Parish of the Annunciation of Our Lady
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Shatana is a small village with a population of approximately 150 and located about 70 kilometers from Amman. In 1865, Shatana was a small village with only one Greek Orthodox Church. There were three family groups in the village, the Qandah who were Latin Catholic, the Sawaqed who were Melkite and the Dahabeh who were Greek Orthodox. The Catholics wanted their own priest and church. However, the Latin Patriarch did not have enough priests at that time. Eventually, he managed to find a Maronite priest in Lebanon who was able to come to the village. He began by renting a small room, which was used as his living accommodation, church, and schoolroom. After a while, he acquired some land and built a small church.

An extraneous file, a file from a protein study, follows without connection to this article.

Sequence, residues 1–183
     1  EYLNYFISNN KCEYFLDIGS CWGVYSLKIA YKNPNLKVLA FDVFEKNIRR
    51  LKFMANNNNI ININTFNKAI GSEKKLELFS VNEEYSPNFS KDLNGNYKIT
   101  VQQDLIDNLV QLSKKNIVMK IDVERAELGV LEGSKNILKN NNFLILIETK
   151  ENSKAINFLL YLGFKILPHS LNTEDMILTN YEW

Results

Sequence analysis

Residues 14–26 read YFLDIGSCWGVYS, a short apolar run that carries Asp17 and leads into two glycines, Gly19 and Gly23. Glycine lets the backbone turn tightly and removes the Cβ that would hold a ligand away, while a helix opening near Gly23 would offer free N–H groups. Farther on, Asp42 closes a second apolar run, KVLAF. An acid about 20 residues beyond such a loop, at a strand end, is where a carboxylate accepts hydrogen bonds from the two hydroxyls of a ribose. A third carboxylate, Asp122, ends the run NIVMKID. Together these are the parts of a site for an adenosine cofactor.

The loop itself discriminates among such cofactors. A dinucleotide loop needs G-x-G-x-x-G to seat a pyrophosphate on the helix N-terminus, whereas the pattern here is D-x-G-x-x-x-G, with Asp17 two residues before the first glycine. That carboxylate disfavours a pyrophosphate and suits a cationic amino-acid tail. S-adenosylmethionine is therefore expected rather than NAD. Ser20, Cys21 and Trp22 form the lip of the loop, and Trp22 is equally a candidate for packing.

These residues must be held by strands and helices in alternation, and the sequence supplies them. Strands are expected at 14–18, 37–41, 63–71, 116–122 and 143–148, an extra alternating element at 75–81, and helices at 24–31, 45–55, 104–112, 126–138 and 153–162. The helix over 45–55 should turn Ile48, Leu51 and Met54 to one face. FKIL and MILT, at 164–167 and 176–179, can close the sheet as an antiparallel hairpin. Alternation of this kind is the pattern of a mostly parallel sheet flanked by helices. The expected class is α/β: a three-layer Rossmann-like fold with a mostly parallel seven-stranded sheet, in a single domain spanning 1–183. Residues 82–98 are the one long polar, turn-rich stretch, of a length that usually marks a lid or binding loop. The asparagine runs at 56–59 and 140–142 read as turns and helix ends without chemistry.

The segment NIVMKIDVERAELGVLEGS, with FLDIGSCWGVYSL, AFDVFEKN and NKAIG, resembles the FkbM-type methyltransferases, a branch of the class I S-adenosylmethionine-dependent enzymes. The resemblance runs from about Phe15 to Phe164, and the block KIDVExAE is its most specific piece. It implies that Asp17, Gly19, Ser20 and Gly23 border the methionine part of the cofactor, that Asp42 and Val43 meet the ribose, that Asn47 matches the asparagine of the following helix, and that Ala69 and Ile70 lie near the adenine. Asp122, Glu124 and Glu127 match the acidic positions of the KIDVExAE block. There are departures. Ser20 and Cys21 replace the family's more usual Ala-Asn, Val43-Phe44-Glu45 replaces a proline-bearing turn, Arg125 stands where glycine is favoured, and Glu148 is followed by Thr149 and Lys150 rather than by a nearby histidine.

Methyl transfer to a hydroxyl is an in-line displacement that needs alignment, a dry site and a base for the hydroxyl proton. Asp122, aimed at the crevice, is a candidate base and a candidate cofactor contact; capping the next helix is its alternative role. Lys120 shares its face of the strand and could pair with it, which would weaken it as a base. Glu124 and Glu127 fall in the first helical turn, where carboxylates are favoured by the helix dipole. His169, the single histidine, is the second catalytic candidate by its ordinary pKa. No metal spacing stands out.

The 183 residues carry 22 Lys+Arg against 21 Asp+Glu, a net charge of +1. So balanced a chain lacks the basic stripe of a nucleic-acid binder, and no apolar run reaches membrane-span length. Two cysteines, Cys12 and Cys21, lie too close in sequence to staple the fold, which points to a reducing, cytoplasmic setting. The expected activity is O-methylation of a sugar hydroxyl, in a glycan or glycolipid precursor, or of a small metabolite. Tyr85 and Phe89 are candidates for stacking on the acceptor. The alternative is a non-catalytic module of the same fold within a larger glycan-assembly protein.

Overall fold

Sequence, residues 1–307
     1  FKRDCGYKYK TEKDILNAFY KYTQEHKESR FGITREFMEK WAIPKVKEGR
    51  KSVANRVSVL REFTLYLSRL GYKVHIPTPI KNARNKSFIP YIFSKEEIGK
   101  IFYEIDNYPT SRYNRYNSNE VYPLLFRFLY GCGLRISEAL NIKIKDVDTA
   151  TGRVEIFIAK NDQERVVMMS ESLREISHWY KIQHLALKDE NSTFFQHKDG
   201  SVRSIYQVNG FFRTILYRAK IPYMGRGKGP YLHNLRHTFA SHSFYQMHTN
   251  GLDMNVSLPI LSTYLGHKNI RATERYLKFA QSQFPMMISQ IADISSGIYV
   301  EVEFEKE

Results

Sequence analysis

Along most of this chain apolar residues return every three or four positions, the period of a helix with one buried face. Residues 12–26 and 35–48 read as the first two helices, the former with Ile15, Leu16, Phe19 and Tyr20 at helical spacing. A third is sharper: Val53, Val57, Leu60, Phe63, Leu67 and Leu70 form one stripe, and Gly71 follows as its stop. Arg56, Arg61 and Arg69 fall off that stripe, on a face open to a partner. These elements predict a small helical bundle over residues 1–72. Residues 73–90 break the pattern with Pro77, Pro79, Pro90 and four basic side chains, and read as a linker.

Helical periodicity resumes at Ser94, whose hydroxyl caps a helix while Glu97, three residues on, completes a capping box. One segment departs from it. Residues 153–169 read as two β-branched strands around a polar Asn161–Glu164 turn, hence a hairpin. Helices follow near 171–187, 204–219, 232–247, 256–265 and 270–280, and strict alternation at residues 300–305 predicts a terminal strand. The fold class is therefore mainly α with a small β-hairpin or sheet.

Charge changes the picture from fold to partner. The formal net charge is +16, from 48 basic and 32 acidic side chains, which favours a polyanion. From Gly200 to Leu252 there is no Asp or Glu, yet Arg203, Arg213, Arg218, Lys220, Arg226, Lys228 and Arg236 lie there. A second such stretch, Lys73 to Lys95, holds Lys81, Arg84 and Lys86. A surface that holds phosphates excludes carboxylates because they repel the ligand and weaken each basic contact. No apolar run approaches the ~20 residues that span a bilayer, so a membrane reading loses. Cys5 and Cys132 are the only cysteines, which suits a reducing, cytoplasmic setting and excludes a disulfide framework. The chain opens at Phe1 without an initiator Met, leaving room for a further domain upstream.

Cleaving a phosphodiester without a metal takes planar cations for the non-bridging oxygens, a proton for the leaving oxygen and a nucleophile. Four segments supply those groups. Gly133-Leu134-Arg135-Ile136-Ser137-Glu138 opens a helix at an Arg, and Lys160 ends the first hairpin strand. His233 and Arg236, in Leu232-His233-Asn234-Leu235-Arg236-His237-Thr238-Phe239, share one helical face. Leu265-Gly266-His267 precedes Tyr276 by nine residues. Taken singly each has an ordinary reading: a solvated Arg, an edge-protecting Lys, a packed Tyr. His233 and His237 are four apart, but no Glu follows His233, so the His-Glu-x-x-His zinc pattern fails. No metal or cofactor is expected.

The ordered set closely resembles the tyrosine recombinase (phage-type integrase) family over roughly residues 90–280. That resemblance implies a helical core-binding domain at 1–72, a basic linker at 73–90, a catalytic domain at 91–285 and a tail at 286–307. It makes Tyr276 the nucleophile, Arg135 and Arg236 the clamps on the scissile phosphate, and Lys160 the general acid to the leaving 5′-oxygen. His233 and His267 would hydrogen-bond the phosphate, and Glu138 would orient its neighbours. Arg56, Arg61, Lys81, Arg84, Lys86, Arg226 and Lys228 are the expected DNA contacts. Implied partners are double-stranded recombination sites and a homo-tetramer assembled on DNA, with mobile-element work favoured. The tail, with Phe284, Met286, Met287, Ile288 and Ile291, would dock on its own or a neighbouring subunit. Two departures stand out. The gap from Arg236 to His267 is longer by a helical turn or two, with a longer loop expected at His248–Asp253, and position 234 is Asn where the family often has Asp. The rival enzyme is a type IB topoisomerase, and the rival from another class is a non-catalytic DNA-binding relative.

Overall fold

Infrastructures of the Latin Patriarchate
Between 1921 and 1927 there were three schools in the village. By 1927 there were 28 pupils in the Latin school, the building continued to serve as a church, school, and priest’s house. Without furniture, the only table was used as an altar, then covered when the room was in use as the schoolroom. This continued until about 1932 when the priest acquired some land and began the construction of a small church. A house was built for the students with two classrooms underneath their living accommodations. Soon the numbers of children in the school declined and they had to travel to a Government School in nearby Husson. This created problems as the school in Shatana did not follow the same curriculum as Government schools. In 1972, it was necessary to close the school completely. Prior to immigration to Zarqa, the population of the village had been 600 to 800. Now it is only about 200 and all the children in the village go to schools in Husson.
Photos from our Historical Archives office